Archive for the ‘Michael’s Latest Gambling Yarn’ Category

A Tip from Charlie Smirke

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Charlie Smirke - head

A Tip from Charlie Smirke


For many years, Charlie Young had been the most popular hairdresser in Woking and his backroom gambling set-up handled more than a third of the town’s betting turnover.  Charlie’s acquaintances were legendary and, a few days before the 1952 Derby, one such character – Solly Bernhart – was an unexpected visitor to his Saloon.

   “Something for the weekend Solly?”  Charlie enquired.

   “No thanks,” replied Solly, whose sexual experiences where now purely academic. “Actually, I’ve come down to-day to do you a little favour.”

   “Let’s go through to the back room then,” said Charlie, remembering some of Solly’s previous favours.


   Solly Bernhart was a flamboyant character, who resembled Mr Pickwick in appearance but not in motivation.  He had been a friend of Charlie’s since before the war, and having recently sold his jeweller’s shop in the East-end of London, was now flirting with a life of leisure.

   Once in the betting room, Charlie introduced Solly to Alice and I, who were pouring over the day’s runners.

   “You’ve met my wife Alice, and this is young Michael, runs a penny book at Goldsworth School, but comes in to hedge-off the occasional hefty double.”

   Solly shook hands, but hastily declined Alice’s offer of tea and Woodbines in favour of Charlie’s Cognac.

   I was all ears as Solly told his tale of how, on a recent visit to the Savoy Turkish baths in Jermyn Street, he had bumped into Charlie Smirke.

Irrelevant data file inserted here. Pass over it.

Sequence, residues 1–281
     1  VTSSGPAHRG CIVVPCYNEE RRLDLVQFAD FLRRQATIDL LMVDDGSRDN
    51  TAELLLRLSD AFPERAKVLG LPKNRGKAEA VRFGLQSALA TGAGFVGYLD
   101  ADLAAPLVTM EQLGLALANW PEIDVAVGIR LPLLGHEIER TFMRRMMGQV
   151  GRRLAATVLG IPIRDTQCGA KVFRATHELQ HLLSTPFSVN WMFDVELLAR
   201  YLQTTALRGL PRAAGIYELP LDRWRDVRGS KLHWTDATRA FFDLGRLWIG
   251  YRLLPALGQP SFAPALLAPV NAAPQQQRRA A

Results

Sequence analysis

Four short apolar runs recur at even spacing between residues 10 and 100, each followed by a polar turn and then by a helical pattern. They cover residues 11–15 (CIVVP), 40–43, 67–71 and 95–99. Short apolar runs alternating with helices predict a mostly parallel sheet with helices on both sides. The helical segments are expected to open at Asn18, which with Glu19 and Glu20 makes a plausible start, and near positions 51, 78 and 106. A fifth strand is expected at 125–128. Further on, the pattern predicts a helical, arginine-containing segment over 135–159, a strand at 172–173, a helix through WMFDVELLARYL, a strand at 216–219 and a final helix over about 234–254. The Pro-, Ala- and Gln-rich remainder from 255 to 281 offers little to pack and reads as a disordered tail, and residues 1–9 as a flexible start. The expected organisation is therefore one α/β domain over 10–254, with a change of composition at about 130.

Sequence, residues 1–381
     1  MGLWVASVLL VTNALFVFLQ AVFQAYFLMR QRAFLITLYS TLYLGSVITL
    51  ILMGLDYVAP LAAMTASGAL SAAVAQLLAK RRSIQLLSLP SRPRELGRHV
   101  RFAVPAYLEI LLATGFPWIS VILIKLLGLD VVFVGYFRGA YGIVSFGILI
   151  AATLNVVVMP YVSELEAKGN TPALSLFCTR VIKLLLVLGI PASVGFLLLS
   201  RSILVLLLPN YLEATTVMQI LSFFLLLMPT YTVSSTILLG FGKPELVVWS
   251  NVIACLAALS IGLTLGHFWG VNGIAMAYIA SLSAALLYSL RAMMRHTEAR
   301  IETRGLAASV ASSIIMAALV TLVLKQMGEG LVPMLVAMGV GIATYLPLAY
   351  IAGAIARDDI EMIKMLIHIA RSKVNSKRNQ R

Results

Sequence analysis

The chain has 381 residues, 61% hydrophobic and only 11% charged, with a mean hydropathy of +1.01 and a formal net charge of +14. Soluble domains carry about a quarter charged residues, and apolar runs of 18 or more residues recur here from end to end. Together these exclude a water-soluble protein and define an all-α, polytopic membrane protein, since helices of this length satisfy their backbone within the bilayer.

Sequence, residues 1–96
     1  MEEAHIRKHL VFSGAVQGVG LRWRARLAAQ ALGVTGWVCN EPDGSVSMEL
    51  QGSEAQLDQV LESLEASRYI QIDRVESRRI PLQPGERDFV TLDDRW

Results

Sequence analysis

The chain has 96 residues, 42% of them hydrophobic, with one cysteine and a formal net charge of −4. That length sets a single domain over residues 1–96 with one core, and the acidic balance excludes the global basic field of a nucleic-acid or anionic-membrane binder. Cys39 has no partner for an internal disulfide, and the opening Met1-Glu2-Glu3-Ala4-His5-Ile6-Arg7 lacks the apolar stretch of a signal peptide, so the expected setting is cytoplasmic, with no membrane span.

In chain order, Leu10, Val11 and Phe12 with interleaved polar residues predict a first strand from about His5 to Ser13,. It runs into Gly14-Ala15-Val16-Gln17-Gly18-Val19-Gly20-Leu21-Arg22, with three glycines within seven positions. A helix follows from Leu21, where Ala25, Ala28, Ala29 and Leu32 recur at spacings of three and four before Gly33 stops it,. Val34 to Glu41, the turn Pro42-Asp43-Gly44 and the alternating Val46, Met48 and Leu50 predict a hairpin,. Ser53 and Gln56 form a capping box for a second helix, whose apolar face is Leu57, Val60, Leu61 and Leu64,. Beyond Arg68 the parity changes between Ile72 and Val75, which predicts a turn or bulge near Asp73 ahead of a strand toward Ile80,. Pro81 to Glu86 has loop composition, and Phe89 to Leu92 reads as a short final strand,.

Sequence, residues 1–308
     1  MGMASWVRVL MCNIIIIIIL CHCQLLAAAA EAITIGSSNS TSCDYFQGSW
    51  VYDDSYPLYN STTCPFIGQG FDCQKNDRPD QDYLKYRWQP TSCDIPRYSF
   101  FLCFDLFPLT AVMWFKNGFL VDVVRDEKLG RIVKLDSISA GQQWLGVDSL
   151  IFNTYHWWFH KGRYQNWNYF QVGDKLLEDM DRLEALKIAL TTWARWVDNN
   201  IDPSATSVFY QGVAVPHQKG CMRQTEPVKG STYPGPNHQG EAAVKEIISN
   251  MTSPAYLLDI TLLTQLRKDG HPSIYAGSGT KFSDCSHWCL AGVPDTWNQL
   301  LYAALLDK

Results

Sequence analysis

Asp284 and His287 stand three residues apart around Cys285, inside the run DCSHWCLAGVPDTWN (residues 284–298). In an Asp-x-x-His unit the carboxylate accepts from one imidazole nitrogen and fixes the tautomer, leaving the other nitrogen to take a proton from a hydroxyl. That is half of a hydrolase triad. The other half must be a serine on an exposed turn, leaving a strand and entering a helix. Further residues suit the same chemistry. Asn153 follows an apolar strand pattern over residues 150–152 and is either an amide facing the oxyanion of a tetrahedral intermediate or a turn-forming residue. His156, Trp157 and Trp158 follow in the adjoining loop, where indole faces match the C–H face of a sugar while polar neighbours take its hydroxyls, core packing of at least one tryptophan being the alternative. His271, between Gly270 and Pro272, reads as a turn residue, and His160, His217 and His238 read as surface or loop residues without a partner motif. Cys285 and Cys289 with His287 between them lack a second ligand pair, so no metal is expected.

“He was full of himself,” said Solly, “whistling away, he was, told me Tulyar was the best Derby mount he could remember.  In fact he kept on saying ‘I’ll Tulyar this and I’ll Tulyar that,’ to hammer home the message.”

   Young rubbed his chin thoughtfully.

   “Have you backed it yet Solly,” he enquired.

   “Well, I had £30 at 100-6 with my local man, but that’s his limit, and I’d like to get a bit more on with you.”

   “That’s OK,” said Charlie, sipping his Cognac, “I’ll make some calls, take a price and you can pay me cash, how much are we looking at?”

   “Fifty or sixty quid if you can – we can’t miss this one,” responded Solly.  Charlie made the calls on the ‘business phone,’ keeping his voice to a whisper. Suddenly he looked up “100-7 do yer, Solly?”


   “He will lay you a £1,000 to £70,” said Charlie, “but,” covering the mouthpiece, “I’ll want the cash here before the race, say Monday.”

   “Of course, of course,” Solly nodded vigorously, “don’t forget yourself.”

   Charlie lowered his voice and completed the added investment.

 Sinking their second Cognac, they congratulated themselves on their expected good fortune.  Feeling rejected at being left out of the negotiations, I got up to go.

   “Off now,” said Alice, then, “here Charlie, aren’t you going to cut Michael in for something?”

   “Yes of course, I almost forgot about the boy; what would you like Michael?”

   “Well, as I am actually going to Epsom; perhaps you’ll give me the price to five shillings?”

   “Yes that’s OK,” Charlie replied nonchalantly.  “You have a few bob to come, so I’ll take it out of that.”

   “You’re all heart Charlie,” I replied and promptly legged it back to school.


   Monday came and went with no sign of Solly. Tuesday lunch-time, he still hadn’t shown. Charlie began to panic.  Alice suggested that he try to cancel the bet, but his reputation was at stake and Charlie wouldn’t hear of it. However, after failing to trace Solly, he phoned his big players to try to lay off – they were not interested.  Charlie’s panic mounted and he suffered a troubled night.